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Windows 8.1: Microsoft's reluctant upgrade has a split-screen personality

El Reg has a sniff around the RTM version

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Split-screen personality: Two browsers, two environments

Windows 8.1 retains the awkwardness of two web browsers, one in the Modern environment and one on the desktop, but these are now upgraded to Internet Explorer 11. This is a significant update, though the user interface is little different. Press F12, for example, and a new and improved developer tools panel appears, with a analyser, JavaScript debugger and more.

On the standards front, IE11 has WebGL support (though still somewhat behind that in rival browsers according to this demo list), improved Canvas support, high DPI (screen resolution) support, improved touch support with features like press and hold to simulate mouse hover, and a range of other improvements.

Windows 8.1 IE11 dev tools

New and improved developer tools panel include analyser, JavaScript debugger and more

SkyDrive is now more deeply baked into the operating system. It is also cleverer than before, with the entire contents of SkyDrive folders visible, but only downloaded on demand, unless you right-click and choose "Make available offline". Pictures are represented by thumbnails unless you demand the whole file. The SkyDrive Store app now supports the same offline cache as the desktop version.

Talking of Store apps, the way these work has changed. Microsoft developer evangelist Jerry Nixon helpfully identifies the key differences while observing: “New Windows users had serious trouble with some Windows 8.0 features. Even tenured Windows users had deep adoption anxiety.” In other words, Microsoft made some fundamental mistakes in its first go at a tablet user interface.

Second time's a charm

The changes begin with search. Users, as Nixon explains, do not find the Windows 8 Charms bar intuitive as a way of searching within an app, so the new guidance asks app developers to put search controls within the main user interface, using a new SearchBox control.

The second change is Microsoft now encourages a more flexible approach to app design, rather than following guidelines that are rigid to the point of repetitiveness, including a smaller primary grid unit of 5x5 units instead of 20x20. In consequence, future Store apps may be less wasteful of screen space.

Third, the fixed split view in Windows 8.0, when two apps are shown side by side, has gone. Now users who figure out the gesture for displaying two apps simultaneously can size them as they wish, though the split is horizontal only. You can also display more than two apps if your screen is big enough, and have Store apps on multiple displays.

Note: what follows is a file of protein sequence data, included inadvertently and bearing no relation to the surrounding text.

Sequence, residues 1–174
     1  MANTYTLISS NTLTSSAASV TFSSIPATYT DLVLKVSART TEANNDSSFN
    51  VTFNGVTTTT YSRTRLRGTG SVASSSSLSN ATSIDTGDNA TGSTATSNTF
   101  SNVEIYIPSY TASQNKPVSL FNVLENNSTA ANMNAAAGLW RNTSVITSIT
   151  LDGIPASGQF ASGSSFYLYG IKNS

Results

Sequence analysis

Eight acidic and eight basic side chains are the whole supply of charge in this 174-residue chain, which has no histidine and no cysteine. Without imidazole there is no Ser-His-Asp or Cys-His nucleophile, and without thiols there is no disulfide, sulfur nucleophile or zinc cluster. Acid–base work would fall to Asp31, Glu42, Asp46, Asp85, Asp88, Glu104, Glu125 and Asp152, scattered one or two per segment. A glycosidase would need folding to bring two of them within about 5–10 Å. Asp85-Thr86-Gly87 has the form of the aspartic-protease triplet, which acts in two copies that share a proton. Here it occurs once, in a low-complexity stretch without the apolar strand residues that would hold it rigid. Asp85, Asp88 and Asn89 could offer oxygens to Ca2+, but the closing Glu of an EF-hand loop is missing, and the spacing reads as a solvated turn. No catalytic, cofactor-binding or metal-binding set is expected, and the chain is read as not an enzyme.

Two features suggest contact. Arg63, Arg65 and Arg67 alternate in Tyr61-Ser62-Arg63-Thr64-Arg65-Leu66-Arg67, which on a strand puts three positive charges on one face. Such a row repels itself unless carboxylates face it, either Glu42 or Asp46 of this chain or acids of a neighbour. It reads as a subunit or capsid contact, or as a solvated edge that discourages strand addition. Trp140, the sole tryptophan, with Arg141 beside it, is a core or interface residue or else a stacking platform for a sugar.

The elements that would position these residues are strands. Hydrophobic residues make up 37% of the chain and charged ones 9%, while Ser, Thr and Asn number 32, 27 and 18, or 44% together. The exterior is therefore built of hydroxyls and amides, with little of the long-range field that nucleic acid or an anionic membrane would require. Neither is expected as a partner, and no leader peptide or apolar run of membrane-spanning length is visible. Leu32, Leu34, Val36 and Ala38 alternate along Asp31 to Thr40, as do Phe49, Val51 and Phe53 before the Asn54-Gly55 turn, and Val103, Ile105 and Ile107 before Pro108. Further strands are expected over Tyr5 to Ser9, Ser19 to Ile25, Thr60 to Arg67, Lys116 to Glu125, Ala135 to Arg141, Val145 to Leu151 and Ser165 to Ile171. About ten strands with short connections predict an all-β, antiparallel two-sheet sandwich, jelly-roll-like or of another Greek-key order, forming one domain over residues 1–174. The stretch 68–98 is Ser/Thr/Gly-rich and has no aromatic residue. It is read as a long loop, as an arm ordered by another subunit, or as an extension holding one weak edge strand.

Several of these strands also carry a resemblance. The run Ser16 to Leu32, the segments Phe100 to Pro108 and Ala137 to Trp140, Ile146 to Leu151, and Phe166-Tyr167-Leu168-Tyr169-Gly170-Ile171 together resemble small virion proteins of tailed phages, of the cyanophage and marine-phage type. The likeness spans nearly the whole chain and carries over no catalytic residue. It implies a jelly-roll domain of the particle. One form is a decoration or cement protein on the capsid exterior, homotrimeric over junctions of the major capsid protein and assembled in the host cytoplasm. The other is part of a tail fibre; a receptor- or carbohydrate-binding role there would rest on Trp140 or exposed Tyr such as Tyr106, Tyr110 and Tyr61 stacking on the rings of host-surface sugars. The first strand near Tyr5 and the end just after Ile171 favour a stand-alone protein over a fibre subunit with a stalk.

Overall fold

Search in Windows 8.1

Second time without the Charms - Windows 8.1 attempts more intuitive search

Store apps, which are built on a set of APIs called the Windows Runtime, gain new capabilities in Windows 8.1, including support for USB and Bluetooth devices, and new controls including Hub, Flyout and Date and Time pickers. There are also enhancements to existing controls. Developers I spoke to at Microsoft’s Build conference in June seemed happy with the changes. “It’s caught up with Silverlight,” one told me: faint praise perhaps, but showing that the 8.0 app platform was not ready.

The Search app also deserves a mention. Search “Everywhere” from the Charms menu, and an app pieces together local and web results into a multimedia view that works brilliantly for certain types of search. It is an excellent app. The question is: will users who are stuck in the desktop ever discover it? That question expresses Microsoft’s difficulty. The more it steers users towards the Windows 8 tablet platform, the more complaints it gets from bemused and often conservative Windows users. The more it enables user to stay in the desktop environment, the harder it becomes to establish its new app platform.

Windows 8.1 is a generous free upgrade and users of Windows 8.0 should not hesitate to upgrade. It also improves on Windows 7.0, the caveat being it requires some adjustment and learning, which users who are not interested in the tablet app platform may, reasonably enough, be unwilling to give. That said, the improved usability means it will be more acceptable to consumers and something that businesses, after suitable customisation, are more likely to deploy.

A decent release, then, but one that still leaves open questions. Will Microsoft ever fully establish the Store App platform, with its still-disappointing range of apps?

Will Windows 8.1 ever be perceived as a tablet platform, rather than as a way to run desktop apps because you have to? Will Microsoft or its OEM partners ever work out how to deliver Windows 8.1 devices that are simple, attractive and as cheap as they need to be to compete with Android and iOS?

Not an easy task, but this more palatable Windows 8 is a necessary step on the way. ®

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